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Spotting the signs of eating disorders in children and young people
Spotting the early signs of an eating disorder, such as, anorexia or bulimia, is really important to ensure your child or young person gets the support they need as quickly as possible.
Beat is a leading charity who support anyone affected by eating disorders. They have a useful poster aimed at helping parents to identify the signs of an eating disorder which can be downloaded free of charge from their website – 'Spotting the first signs of an eating disorder'
Orthorexia nervosa is an eating disorder that is not as well known. It is when a person has an unhealthy obsession with healthy eating. This means they are fixated on eating certain foods that they believe is of quality and purity, clean or righteous, and they become consumed with what and how much to eat. They punish themselves with fasts, diets or exercise when they slip-up with their eating obsession. More details about Orthorexia can also be found on the Beat Eating Disorders Website
Be aware that eating disorders do not just occur in girls, more boys are getting eating disorders.
Eating disorders, such as, anorexia nervosa, bulimia nervosa (binge eating) occur mainly among those over 12 years, however anyone can develop an eating disorder, regardless of their age. In young girls and boys under 12, the most common type of eating disorder tends to be avoidant/restrictive food intake disorder - a lack of interest in food or a sensory aversion to certain foods. A more rare condition in children is pica which is where they constantly eat non-food or non-nutritional substances, such as dirt, soap, chalk, sand, ice, and hair. Another condition to be aware of is emotional overeating which is eating to deal with distressing feelings when they are not pysically hungry.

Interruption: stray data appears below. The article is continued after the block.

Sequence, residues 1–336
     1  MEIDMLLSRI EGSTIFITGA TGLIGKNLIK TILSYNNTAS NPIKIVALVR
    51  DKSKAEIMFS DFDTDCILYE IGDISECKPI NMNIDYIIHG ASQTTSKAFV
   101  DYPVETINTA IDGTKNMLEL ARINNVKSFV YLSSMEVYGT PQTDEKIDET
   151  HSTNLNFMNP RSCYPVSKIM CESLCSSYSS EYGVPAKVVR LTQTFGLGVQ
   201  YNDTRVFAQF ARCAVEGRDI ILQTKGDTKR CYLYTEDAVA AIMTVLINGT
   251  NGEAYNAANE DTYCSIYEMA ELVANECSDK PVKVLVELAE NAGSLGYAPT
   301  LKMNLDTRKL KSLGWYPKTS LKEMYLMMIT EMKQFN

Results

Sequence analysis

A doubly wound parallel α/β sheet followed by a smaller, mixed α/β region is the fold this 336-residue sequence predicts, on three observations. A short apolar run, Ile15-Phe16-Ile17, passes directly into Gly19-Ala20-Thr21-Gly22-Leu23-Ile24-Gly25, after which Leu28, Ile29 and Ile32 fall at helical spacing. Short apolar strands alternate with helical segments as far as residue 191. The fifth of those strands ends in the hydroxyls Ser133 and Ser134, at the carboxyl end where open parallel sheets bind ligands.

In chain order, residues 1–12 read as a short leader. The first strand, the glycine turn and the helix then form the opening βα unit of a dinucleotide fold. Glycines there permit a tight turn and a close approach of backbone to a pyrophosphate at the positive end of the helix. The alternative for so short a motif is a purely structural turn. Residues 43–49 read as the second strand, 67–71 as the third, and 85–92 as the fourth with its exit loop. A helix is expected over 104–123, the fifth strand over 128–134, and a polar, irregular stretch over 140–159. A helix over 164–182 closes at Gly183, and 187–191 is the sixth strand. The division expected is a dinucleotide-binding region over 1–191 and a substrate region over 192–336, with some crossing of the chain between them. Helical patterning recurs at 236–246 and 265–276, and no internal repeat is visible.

The signs of an eating disorder in young children may appear different compared to young people. For instance, in children under 12 you may find:
- Lack of weight gain or growth rather than weight loss.
- They eat less, refuse to eat, or make excuses, such as, they no longer like certain foods, not hungry or complain of stomach-aches.
- They may be restless or hyperactive – move around a lot and can’t sit still.
- Increased interest in cooking and food-oriented activities.